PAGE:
Contents

Chapter 5 Spreadsheet Functions

Referring
to cells in a different sheet..

What’s
wrong with this function

There are
several hundred functions available to you in a spreadsheet. The easiest way to
learn all of them is to choose the **Sum
Icon** to get the drop down menu of the most common functions and choose **More Functions …** at the bottom
of the list. This should give you an alphabetical listing of all the functions
(you may need to select change the category to

The easiest way to do any function is to write the function and all the parameters out by hand first. I will describe how to do this with the PMT function.

The PMT or Payment function can figure out what your monthly payment on a loan will be, given the interest rate, the number of payments and the principal amount. Let’s look at the arguments for this function and talk about them for a moment.

**=PMT( rate,
nper, pv, **fv, type

** rate **is
the interest rate for your loan.

** nper**
is the number of payments you will be making.

** pv**
is the present value or the principal amount of your loan.

**fv** and **type** are not required parameters. We will not use them for now.

As always in order to get a complete description of the PMT function simply use help and search for it. One important thing to note is that I have already read the help so I know that if I want to have monthly payments I need to make sure the rate and nper are both in months. The interest on most loans is quoted as an annual interest rate. Since nper is the number of monthly payments that you want to make, you need to adjust the annual interest rate to a monthly one by simply dividing the rate by 12.

Following the basics of spreadsheets I want to use cell references for my functions whenever possible. I also want to write it out on paper first since it will make it easier. Figure 1 is how I want my spreadsheet to look:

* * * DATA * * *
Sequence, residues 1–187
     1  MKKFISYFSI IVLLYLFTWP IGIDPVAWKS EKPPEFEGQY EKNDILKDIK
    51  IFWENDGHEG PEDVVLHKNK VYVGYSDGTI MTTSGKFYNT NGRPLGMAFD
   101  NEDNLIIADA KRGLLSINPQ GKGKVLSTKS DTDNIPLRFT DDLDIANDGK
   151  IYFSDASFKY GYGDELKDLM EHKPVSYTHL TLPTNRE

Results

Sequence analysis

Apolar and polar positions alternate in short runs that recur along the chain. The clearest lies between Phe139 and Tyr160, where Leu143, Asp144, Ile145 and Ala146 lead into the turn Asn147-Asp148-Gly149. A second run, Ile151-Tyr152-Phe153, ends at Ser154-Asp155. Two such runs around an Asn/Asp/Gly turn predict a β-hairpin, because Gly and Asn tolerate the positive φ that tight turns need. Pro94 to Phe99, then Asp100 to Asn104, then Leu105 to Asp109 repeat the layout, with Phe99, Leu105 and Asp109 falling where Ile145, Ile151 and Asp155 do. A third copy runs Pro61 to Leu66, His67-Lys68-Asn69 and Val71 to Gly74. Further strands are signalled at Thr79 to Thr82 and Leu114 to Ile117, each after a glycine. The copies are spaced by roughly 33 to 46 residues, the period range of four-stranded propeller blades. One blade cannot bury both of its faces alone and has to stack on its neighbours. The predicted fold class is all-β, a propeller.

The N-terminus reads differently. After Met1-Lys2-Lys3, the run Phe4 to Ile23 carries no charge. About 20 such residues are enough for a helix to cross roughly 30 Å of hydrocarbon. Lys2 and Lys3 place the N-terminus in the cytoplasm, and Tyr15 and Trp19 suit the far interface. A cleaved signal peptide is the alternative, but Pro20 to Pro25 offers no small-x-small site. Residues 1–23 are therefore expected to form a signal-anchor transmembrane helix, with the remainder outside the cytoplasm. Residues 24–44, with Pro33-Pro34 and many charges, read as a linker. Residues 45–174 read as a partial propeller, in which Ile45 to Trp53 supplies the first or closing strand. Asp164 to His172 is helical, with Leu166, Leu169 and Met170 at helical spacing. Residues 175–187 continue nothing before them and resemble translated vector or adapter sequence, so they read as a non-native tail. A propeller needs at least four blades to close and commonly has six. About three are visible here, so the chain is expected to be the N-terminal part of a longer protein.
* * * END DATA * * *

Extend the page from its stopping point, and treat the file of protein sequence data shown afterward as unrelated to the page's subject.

Remember the four things a computer can do input, processing, output and storage. In our case here you can see the input numbers, the function itself is the processing and the output is our monthly payment displayed on the screen. I have used a simple formula to calculate the total payments by taking the number of years and multiplying by 12. Or in spreadsheet language =B3*12 is the formula located in cell B4. Now let’s figure out the PMT function. The first step is to put it all on paper like this:

**=PMT( rate, nper, pv, **fv, type

** rate **-
is our annual interest rate or .0799
(7.99%) remember that when you take the % sign off you need to move the
decimal point 2 places to the left. We also need to divide this by 12 so to get
the monthly interest rate, .0799/12.

** nper**
- is the number of payments that we want to make. We want a 4-year loan so that
would be 48 payments.

** pv**
- is the principal amount of our loan or 15000. We do not want to use commas when writing this
number since the computer would think that we are separating parameters.

Note: The payment function will return a negative number. Now we could plug in the actual numbers to come up with the function like this:

** =PMT(.0799/12,48,15000)**

Now this would work but it is not very flexible. If we wanted to change the amount, the term, or the interest we would have to edit the function. When you use cell references you can simply type the number in the correct cell.

Once you figure out the function in ‘English’ like we did above, you need to then convert your English into spreadsheet. So let’s do that now:

** =PMT( rate, nper, pv, **fv, type

** rate **-.0799/12
- We find the interest rate in cell B2 so let’s write the rate as

** nper**
- 48 payments can be found in cell

** pv**
- 15000 - We can find the principal in cell B1

** =PMT(B2/12,B4,B1)**

If you want the display to be positive you can use the ABS (Absolute Value) function like this:

** =ABS(PMT(B2/12,B4,B1))**